Religion continues to be a major theme in this year’s presidential campaign and frankly, I don’t like the position either side has taken.

On one hand John Kerry clearly couldn’t care less about God or the teachings of his supposed Catholicism, so every time he opens his mouth to pander for a religious vote he sounds nuttier. I already wrote about the time he “preached” from the book of James. Well, this time he decided to compare himself to the prophet Isaiah. He recently told an Indianapolis audience:

“Several months ago, President Clinton quoted the Prophet Isaiah in support of my candidacy: ‘Then I heard the voice of the Lord saying whom shall I send. And who will go for us. And I said, ‘Here I am. Send me.’ President Clinton paid me the compliment of telling that audience whenever there was a call to service in war or in peace, I have always answered that call,”

He has got to be kidding. Quoting President Clinton quoting a passage from Isaiah 6 in which Isaiah stands in the presence of a holy God and realizes his sin is his undoing? This is a passage in which God abhors the false piety of mankind and sends Isaiah out to condemn them for it. The incredible irony of having John Kerry, not to mention Clinton, quoting this passage in their own support is almost too much to handle.

On the other hand, I am not heartened by President Bush’s approach to his supposed faith either. He openly panders as well, but he knows the biblical language and culture better (and has speech writers who know it) so it doesn’t sound so crazy. (I don’t think Bush’s handlers would have let him get away with the Isaiah reference, for instance). Add to this more polished religiosity his conservative social positions and Bush has become the darling of the evangelical crowd, in particular. Unfortunately, this adoration has led to an almost robotic acceptance of everything he does. I have seen essentially no criticism of any of Bush’s policies. Instead, conservative religious leaders bend over backwards to support him and explain away any problems that might come up.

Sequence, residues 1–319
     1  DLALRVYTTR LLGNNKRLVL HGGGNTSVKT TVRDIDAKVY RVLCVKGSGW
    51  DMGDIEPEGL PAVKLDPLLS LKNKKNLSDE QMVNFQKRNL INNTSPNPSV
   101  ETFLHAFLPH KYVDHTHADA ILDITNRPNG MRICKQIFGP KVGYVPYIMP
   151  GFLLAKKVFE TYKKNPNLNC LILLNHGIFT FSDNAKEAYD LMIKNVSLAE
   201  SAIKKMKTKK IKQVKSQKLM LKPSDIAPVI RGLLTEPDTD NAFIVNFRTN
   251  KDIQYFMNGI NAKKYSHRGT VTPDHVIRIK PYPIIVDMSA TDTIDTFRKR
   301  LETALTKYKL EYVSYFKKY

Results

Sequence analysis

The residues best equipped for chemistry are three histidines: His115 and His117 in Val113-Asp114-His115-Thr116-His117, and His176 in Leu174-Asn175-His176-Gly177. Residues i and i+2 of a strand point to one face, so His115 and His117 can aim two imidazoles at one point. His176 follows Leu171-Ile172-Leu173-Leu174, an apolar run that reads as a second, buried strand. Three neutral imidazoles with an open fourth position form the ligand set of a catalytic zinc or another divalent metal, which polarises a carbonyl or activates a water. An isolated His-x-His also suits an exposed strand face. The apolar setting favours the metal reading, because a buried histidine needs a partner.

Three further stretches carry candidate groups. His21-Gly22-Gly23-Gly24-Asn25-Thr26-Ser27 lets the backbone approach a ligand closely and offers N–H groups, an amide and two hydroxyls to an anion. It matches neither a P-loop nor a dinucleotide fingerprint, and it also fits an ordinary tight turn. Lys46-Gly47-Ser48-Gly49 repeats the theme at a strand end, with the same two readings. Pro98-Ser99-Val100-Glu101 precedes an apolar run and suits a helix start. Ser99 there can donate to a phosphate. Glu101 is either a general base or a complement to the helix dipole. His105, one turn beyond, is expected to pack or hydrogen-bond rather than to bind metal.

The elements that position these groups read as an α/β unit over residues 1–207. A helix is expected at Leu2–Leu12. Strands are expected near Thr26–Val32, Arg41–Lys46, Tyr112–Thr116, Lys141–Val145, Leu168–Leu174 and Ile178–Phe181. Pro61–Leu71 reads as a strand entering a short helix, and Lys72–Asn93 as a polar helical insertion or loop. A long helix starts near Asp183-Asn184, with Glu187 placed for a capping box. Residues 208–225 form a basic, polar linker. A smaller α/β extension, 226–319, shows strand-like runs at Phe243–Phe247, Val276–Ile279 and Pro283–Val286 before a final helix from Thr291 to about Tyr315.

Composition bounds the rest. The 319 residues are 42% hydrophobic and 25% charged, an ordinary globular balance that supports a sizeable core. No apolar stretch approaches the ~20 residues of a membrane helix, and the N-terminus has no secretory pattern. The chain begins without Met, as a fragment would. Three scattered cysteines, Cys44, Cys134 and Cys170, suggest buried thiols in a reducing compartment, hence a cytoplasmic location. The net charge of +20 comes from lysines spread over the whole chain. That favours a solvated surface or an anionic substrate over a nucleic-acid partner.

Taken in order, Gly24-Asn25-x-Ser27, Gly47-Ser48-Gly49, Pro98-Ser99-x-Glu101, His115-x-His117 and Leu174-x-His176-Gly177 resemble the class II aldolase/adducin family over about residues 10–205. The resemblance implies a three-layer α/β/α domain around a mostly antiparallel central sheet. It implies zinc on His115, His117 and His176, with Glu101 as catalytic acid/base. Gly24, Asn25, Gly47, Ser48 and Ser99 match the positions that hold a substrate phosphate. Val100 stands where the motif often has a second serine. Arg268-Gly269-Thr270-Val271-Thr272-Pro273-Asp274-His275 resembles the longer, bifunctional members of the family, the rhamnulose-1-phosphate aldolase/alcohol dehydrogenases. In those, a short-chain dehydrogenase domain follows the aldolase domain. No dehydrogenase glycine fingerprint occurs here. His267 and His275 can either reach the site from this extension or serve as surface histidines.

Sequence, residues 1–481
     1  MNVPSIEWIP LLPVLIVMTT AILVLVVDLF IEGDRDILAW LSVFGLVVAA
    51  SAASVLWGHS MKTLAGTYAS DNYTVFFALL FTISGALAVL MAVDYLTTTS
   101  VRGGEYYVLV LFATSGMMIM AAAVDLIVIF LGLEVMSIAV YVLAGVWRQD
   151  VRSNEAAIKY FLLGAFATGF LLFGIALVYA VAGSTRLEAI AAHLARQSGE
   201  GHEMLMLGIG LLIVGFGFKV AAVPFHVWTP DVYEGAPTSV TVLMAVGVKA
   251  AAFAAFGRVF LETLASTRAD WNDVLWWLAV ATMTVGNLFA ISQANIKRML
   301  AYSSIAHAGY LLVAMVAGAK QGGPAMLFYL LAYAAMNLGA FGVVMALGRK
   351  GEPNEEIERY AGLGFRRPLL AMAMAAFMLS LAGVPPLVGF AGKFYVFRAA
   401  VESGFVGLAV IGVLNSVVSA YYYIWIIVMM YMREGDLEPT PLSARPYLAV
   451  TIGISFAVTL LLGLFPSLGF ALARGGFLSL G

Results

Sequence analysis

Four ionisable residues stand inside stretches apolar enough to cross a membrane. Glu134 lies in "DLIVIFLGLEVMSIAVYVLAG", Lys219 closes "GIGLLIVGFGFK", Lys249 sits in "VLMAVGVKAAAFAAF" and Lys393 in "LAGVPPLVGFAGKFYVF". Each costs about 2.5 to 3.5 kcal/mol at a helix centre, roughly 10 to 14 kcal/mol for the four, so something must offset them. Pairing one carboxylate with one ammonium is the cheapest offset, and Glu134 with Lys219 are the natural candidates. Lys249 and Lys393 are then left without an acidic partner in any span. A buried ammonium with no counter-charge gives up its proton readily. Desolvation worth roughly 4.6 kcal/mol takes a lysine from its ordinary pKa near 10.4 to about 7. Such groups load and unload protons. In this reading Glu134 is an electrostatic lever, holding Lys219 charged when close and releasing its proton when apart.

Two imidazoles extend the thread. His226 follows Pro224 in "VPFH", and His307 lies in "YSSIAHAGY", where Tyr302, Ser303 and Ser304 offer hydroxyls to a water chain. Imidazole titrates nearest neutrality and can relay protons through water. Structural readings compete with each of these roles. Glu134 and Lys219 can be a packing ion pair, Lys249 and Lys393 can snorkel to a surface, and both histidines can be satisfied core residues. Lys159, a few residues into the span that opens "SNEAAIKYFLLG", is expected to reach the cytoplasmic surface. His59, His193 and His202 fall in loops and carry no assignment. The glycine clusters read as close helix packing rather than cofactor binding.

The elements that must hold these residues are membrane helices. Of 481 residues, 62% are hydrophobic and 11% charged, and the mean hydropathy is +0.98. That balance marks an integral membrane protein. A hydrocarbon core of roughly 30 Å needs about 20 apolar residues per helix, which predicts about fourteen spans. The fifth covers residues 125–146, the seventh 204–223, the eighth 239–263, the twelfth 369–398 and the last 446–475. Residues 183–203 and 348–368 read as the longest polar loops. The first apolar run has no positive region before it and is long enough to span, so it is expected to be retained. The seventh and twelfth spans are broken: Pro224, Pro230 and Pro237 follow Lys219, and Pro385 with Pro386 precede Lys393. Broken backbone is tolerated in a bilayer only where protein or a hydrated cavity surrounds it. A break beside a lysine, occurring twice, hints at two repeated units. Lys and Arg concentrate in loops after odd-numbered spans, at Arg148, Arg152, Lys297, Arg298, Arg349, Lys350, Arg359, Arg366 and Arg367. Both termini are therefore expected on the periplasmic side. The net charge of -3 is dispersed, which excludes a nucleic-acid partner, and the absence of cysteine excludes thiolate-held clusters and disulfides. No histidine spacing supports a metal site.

This is scary. The last thing we want is a church that has lost its prophetic voice and become a cheerleader for the government (Think Nazi Germany if you need a reminder of what happens.) Just because the man is on the right side of issues like abortion doesn’t mean he should be allowed to gobble up civil rights and freedoms like a dictator without so much as a peep from church leaders. If a Democratic president had installed the Homeland Security act, for instance, Christians would be screaming (at least I hope they would), but since their man put it in, not even a whisper. This is a problem. Unfettered presidential power, be it Republican or Democrat, will only lead to huge, huge problems.

I hope I am wrong, but Bush reminds me a bit of Nixon. Nixon could put on a good front and had the support of many conservative Christians. Billy Graham, for instance, was a friend and big supporter. When all the dirty truth was revealed, these people were shocked. Graham tells in his autobiography how he just couldn’t believe what kind of man Nixon was behind closed doors. And Grahams biggest surprise? All the dirty language – Nixon’s tapes are absolutely full of it. He cussed up, down and sideways. According to Graham this was a sign of a bigger problem and if he had known about it before hand would certainly not have been so supportive.

Well, as good as Bush is at talking shop to the church crowd, it turns out that he too has a filthy mouth when there are no pastors in the room. U.S. News reports that, according to one advisor, “He uses the ‘F’ word as an adjective, a verb, and a noun,” Ditto for the ‘S’ word.

Am I making a mountain out of a molehill? Perhaps, but “out of the overflow of the heart the mouth speaks.” (Matt 12:34). This president is no saint, and he certainly isn’t the Messiah. Christians should be very wary of treating him as such.

Don Johnson Evangelistic Ministries